Handbook of Combinatorial Designs, Second Edition

New Results in Part II

This page contains new results in the area of combinatorial designs that have occurred since the publication of the Handbook of Combinatorial Designs, Second Edition in November 2006. The results here would be contained in Part II of the Handbook.

Last edited 7/5/12

Page 39, Design #143. Nd = 10,374,196,953. Related to this is the result that there are 355,293,682 3-(32,16,7) designs. These were both found as a consequence of the enumeration of the inequivalent Hadamard matrices of order 32 by Kharaghani and Tayfeh Rezaie (see the New Results section for Part V -- page 277). Brendan McKay (bdm@cs.anu.edu.au), Feb. 2012

Page 39, Design #317. "Nr" is now "≥" instead of "?". In fact a (45,5,2)-RBIBD has been found in the paper M. Buratti, J. Yan and C. Wang, From a 1-rotational RBIBD to a partitioned difference family, Electronic J. Combin. 17 (2010), #R139. Marco Buratti (buratti@dmi.unipg.it), June 2012

Page 69, Remark 2.96. In [826] (Forbes, Grannell & Griggs, 'On 6-sparse Steiner triple systems') it is proved that there are infinitely many 6-sparse STSs. Indeed, there is a finite set of 6-sparse STS(v)s with v prime and v == 7 (mod 12), but the paper also describes a product construction which generates infinitely many 6-sparse Steiner triple systems from this set. [826] will appear in J. Combin. Theory, Series A 114 (2007), 235-252. Tony Forbes (tonyforbes@ltkz.demon.co.uk) Jan. 2007.

Page 88-93, Table 4.46. The following list of new 5-designs have been found: 5-(24,9,λ), λ=18, 24, 30 ; 5-(25,9,30); 5-(26,10,126); 5-(32,6,λ), λ=6, 9, 12; 5-(33,7,84); 5-(18,8,λ), λ=12, 18; 5-(19,9,λ), λ=42, 63; 5-(25,10,λ), λ=96,120; 5-(30,12,440); 5-(36,12,45*n), 2<=n<=17. Reference: Mutually disjoint designs and new 5-designs derived from groups and codes, M. Araya, M. Harada, V. Tonchev, A. Wassermann, J. Combin. Des. 18, 2010.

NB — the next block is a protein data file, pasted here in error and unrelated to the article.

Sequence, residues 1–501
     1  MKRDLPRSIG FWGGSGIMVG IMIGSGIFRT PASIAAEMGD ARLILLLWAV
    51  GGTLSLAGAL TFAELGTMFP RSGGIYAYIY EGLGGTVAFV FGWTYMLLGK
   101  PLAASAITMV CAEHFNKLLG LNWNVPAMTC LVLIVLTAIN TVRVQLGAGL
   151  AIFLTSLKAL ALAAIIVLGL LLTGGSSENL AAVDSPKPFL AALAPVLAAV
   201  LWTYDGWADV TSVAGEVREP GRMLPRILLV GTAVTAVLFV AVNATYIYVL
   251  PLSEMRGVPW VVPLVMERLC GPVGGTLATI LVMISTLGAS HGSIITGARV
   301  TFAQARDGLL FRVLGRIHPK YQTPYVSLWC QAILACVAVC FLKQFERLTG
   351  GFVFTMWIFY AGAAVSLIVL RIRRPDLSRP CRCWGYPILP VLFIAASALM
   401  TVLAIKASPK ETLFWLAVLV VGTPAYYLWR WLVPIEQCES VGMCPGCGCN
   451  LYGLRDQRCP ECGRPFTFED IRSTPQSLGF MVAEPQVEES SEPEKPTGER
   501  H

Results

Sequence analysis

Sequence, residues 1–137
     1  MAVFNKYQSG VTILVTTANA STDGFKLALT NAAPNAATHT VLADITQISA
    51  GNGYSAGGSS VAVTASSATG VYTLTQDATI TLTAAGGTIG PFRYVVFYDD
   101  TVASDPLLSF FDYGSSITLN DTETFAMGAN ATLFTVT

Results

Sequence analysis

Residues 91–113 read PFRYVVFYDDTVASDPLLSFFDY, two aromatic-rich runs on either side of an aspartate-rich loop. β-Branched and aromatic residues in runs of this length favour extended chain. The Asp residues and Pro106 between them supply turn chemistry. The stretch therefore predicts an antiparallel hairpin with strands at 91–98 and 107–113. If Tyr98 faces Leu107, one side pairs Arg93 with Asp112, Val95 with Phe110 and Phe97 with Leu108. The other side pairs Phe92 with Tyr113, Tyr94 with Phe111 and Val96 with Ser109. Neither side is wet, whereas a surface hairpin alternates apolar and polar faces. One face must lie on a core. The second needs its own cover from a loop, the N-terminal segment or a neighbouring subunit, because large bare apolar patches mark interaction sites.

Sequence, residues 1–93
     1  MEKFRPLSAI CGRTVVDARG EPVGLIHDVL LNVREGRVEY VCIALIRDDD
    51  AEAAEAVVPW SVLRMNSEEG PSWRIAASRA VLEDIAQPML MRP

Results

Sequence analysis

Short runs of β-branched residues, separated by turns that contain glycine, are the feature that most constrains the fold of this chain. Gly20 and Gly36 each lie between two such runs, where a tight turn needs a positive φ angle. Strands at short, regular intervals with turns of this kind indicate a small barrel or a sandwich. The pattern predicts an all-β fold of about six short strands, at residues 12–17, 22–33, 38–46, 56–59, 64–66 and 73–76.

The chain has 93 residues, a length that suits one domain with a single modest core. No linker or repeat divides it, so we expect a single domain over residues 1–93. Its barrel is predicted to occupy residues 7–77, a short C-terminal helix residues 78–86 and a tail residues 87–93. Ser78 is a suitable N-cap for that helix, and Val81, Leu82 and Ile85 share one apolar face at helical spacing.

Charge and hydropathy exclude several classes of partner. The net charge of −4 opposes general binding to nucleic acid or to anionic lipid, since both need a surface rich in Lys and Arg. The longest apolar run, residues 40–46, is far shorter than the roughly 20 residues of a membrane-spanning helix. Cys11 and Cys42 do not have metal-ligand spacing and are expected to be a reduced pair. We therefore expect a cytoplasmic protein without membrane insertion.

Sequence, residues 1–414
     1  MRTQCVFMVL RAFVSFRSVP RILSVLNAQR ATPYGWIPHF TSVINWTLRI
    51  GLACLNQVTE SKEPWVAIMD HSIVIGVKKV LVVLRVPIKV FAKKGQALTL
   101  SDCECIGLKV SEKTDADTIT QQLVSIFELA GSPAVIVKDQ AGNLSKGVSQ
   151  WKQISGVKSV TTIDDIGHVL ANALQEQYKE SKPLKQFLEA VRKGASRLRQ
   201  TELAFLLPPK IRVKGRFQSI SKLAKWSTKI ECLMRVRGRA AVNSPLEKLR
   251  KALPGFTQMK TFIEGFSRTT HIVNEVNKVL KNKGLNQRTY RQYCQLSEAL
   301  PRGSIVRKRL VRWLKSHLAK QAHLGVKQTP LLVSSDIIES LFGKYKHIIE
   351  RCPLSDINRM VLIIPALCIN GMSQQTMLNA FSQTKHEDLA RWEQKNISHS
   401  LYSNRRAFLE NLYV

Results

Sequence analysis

Page 103, Theorem 5.11. Here are some new infinite families:
Suppose q is a prime power and n ≥ 1. Then an S(2, q + 1, q2n+1 + 1) exists.
Suppose q is a prime power and n ≥ 1. Then an S(2, q + 1, q2n+2 + q2n+1 + 1) exists.
Suppose q is a prime power and n ≥ 1. Then an S(2, q + 1, q2n+2 + q + 1) exists.
Suppose q is a prime power, q ≥ 3, and n ≥ 1. Then an S(2, q, q 2n+2 - q 2n+1 + q) exists.
Reference: Recurrence relations for Steiner systems with t = 2, James Nechvatal, Ars Combinatoria (to appear). James Nechvatal (james.nechvatal@nist.gov) 11/08

Page 103, Table 5.17. There is no S(4,5,17). So in the table with k=t+1 and n = 13, "there does not exist" equals 4. Reference: There exists no Steiner system S(4,5,17), Patric R.J. Östergård and Olli Pottonen, Journal of Combinatorial Theory. Series A 115 (2008), 1570-1573, DOI 10.1016/j.jcta.2008.04.005. Olli Pottonen (olli.pottonen@tkk.fi) July 2007.

Page 127, Table 7.38. A (45,5,2)-RBIBD has been found in the paper M. Buratti, J. Yan and C. Wang, From a 1-rotational RBIBD to a partitioned difference family, Electronic J. Combin. 17 (2010), #R139. Marco Buratti (buratti@dmi.unipg.it), June 2012

Page 127, Table 7.40. Tripling the (45,5,2)-RBIBD noted above, one obtains a (175,7,6)-RBIBD. Marco Buratti (buratti@dmi.unipg.it), June 2012

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